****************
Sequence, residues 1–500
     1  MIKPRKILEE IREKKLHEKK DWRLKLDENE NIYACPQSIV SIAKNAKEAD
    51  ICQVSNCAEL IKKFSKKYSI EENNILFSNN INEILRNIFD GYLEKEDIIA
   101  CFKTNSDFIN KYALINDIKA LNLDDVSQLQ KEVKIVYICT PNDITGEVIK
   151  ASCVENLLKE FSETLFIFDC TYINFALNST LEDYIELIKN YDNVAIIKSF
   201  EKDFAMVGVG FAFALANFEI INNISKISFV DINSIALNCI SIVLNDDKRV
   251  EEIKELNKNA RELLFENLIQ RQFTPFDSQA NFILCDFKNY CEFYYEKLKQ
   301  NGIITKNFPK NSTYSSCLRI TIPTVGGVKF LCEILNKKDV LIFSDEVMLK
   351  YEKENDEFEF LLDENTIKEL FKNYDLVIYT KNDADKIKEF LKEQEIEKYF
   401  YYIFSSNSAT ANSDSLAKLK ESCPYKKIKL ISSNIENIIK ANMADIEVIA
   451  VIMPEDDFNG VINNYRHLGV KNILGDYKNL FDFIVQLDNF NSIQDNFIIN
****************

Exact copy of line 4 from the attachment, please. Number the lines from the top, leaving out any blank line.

   101  CFKTNSDFIN KYALINDIKA LNLDDVSQLQ KEVKIVYICT PNDITGEVIK